ECB’s first flight in Eurozone’s banking universe will be just a reconnaissance

Press conference by Michel Barnier, Member of the EC, on the establishment of a Single Resolution Mechanism for the Banking Union. (EC Audiovisual Services).

Press conference by Michel Barnier, Member of the EC, on the establishment of a Single Resolution Mechanism for the Banking Union. (EC Audiovisual Services).

The European Central Bank, in view of its new role as single supervisory authority of Eurozone’s banking system, a task that will officially commence in November 2014, is now testing the grounds of this real banking constellation, which comprises a round number of 6000 banks. The ECB will undertake with its own proper mechanism the supervision of the ‘significant’ credit institutions, with assets of more than €40 billion, that is approximately 130 financial firms accounting for around 85% of euro area’s banking system. The rest of the lenders will be supervised by national central banks, under ECB’s guidance.

However, in view of the problems which currently infest Eurozone’s banks, ECB first wants to test the grounds of this unexplored galaxy, with a twelve month ‘comprehensive assessment’, starting as from next month and planned to be concluded in October 2014. This assessment is an essential element of the preparations for the Single Supervisory Mechanism, providing the necessary clarity on the banks that will be subject to the ECB’s direct supervision which are around 130 financial firms. The SSM Regulation which foresees all that, comes into force in November 2013.

A demanding exercise

The exercise will comprise a supervisory risk assessment, an asset quality review and a stress test. According to ECB “The integrated outcome of the comprehensive assessment may lead to a range of follow-up actions, possibly including requirements for changes in a bank’s provisions and capital”. This is exactly where the problems begin.

Eurozone banks suffer from a combination of a super inflated investment portfolio and a growing package of bad loans. Both those illnesses get worse due to the general economic downturn. Banks’ assets are constantly loosing value, while the on-going misery in many countries, forces households and SMEs to fail servicing their debts. Both those diseases call for more good quality capital, if the lenders are to maintain their capital adequacy at the levels demanded by the relevant EU rules.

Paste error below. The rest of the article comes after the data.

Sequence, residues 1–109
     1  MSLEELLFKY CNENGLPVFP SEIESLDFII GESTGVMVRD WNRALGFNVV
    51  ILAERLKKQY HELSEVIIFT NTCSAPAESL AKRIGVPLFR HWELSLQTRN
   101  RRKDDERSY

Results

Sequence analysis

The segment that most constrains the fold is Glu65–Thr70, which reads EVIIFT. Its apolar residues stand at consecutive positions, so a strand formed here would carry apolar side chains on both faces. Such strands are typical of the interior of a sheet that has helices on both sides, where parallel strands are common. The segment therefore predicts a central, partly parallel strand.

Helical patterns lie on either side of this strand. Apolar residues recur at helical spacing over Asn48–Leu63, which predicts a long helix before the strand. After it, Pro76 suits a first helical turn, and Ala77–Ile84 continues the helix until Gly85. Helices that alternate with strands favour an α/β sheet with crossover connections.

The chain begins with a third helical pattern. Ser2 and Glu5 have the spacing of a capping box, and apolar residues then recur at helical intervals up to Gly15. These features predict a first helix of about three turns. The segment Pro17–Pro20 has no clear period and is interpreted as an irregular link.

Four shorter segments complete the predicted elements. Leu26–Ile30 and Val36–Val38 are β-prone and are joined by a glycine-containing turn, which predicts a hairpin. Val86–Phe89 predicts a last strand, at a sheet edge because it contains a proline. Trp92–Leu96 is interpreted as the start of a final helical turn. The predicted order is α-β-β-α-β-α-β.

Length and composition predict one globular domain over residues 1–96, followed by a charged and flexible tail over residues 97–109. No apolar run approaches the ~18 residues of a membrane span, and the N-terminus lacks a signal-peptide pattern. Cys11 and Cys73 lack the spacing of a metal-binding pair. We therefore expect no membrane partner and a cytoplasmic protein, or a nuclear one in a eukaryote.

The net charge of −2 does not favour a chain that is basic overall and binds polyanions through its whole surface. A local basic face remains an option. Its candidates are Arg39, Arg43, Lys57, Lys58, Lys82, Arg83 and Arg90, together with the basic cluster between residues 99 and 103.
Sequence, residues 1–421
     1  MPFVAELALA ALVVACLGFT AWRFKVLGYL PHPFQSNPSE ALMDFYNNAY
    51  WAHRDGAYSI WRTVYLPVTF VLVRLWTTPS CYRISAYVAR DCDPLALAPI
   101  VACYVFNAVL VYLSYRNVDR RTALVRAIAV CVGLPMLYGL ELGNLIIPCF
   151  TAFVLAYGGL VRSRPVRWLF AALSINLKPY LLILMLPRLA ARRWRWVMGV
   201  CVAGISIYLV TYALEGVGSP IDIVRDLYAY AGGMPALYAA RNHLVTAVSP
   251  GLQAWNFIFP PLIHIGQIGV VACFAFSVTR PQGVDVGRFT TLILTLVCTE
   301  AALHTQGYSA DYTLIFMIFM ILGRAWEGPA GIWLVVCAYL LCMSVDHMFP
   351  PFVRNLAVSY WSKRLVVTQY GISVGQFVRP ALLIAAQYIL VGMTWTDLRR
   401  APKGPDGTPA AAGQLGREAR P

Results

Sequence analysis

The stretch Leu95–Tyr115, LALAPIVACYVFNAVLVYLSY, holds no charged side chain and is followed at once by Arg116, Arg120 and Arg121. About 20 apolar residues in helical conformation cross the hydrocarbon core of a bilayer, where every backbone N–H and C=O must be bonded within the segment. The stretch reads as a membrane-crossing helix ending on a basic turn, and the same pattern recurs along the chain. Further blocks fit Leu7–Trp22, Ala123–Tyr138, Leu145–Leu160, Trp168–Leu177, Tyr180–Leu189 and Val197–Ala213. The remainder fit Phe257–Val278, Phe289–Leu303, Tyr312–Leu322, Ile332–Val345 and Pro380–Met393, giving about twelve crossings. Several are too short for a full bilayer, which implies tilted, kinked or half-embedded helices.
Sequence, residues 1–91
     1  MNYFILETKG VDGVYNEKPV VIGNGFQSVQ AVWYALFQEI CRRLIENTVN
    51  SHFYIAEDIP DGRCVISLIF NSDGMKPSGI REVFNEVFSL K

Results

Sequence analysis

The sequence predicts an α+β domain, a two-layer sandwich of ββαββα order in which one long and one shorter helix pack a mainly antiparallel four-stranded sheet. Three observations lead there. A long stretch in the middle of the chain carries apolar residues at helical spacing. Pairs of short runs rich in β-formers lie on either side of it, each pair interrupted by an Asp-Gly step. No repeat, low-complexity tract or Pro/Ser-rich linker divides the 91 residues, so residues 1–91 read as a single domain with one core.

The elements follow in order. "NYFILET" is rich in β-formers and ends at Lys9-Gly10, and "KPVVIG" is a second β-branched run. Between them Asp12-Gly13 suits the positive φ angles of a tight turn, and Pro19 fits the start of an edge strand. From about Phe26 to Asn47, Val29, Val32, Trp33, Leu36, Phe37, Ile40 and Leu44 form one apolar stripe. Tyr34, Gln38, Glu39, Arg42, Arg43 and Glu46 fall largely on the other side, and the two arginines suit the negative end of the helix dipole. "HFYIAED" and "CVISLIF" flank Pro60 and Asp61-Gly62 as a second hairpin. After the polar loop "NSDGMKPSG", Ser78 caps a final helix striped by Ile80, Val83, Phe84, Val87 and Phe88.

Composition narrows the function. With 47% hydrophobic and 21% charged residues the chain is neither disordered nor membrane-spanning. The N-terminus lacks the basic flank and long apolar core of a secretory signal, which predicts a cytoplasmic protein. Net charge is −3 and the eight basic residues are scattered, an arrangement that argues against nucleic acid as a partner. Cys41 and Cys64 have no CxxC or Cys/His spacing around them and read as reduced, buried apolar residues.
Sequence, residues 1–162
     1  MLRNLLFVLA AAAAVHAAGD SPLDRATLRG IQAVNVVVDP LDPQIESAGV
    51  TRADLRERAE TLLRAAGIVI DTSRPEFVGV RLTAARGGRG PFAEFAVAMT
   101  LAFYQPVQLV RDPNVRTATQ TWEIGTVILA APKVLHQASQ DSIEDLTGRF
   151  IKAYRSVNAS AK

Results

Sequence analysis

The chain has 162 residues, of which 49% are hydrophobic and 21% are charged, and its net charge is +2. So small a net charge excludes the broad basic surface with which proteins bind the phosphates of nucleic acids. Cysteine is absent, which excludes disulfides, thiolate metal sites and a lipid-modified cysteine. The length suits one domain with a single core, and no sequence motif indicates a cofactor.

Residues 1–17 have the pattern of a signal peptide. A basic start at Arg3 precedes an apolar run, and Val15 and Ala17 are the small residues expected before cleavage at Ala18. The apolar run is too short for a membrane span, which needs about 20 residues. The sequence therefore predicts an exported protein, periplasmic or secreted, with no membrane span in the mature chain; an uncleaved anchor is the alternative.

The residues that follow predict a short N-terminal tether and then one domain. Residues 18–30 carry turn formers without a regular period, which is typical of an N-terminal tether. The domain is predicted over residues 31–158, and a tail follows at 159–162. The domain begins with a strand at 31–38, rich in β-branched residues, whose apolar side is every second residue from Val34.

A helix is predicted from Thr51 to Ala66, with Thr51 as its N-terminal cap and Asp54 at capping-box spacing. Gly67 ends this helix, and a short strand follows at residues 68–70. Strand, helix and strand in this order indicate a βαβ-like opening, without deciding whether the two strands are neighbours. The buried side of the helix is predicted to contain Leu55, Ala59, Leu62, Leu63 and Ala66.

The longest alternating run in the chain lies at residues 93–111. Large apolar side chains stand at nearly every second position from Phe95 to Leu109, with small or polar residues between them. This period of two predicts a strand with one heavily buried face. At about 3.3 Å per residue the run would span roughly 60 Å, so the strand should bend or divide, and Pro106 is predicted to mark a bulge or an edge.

After the financial crisis broke out in 2008, a large number of major banks were forced to seek protection from governments. More than €275bn of taxpayers’ money has been injected to support euro area banks’ capital. Some of them managed to raise capital from their shareholders. According to ECB, “Since the onset of the global financial crisis, euro area banks have raised around €225bn of fresh capital”.

Half a trillion not enough?

This is not peanuts. Half a euro trillion is the equivalent of 5% of Eurozone’s GDP. Given that, ECB insists that this is enough. A relevant text on its site says, “Today, the median Core Tier 1 capital ratio of the largest euro area banks stands close to 12%, and most of these banks comply already with the minimum regulatory capital requirements of the fully implemented Capital Requirements Directive IV/Capital Requirements Regulation (CRD IV/CRR) framework”.

This passage is very carefully written. For one thing, it doesn’t say all the major Eurozone banks. Not a word for the rest of the lenders. In any case if this 12% Core Tier 1 capital ratio was true, then why have the lenders stopped lending in many Eurozone countries? The banks absorb the abundant liquidity offered to them by the ECB at 0.5% and keep it in their coffers. Actually, the total of outstanding loans is decreasing in Eurozone.

In short, if this 12% of capital adequacy was true, everybody would have been happy. Unfortunately it’s not. That’s why the ECB, in its note on this comprehensive assessment, clarified that the minimum capital adequacy threshold to be used in this exercise will be 8%. This said, the next issue that arises is the quality of capital to be included in this 8%. As every first year student of economics knows, bank balance sheets are real minefields. With the globalisation of the financial system it will be difficult to distinguish what is real capital and what is borrowed money. Lenders may very easily appear as shareholders. Let alone that banks do favours to each other and help their peers with short term money injections dressed as capital.

Of course the ECB is aware of all that. That is why it notes that “weaknesses remain, compounded by the perception that banks’ balance sheets are not transparent and concerns about their overall risk situation”. In this passage, ECB wants to stress that it is aware of what is going on in the banking industry and tries to appease the widespread public anger against the banks.

As noted above, though, the banks have the ability to use the entire world as their hiding place and it is impossible, under the present ‘laisser passer’ conditions, to any supervisor to reach the core capital. In view of that, there is a widespread feeling that this initial ECB’s reconnaissance flight in the banking constellation during the next twelve months will be of a training character. Of course, the central banks will not accept to cover possible ‘tigers’ lurking in the banks’ basements.

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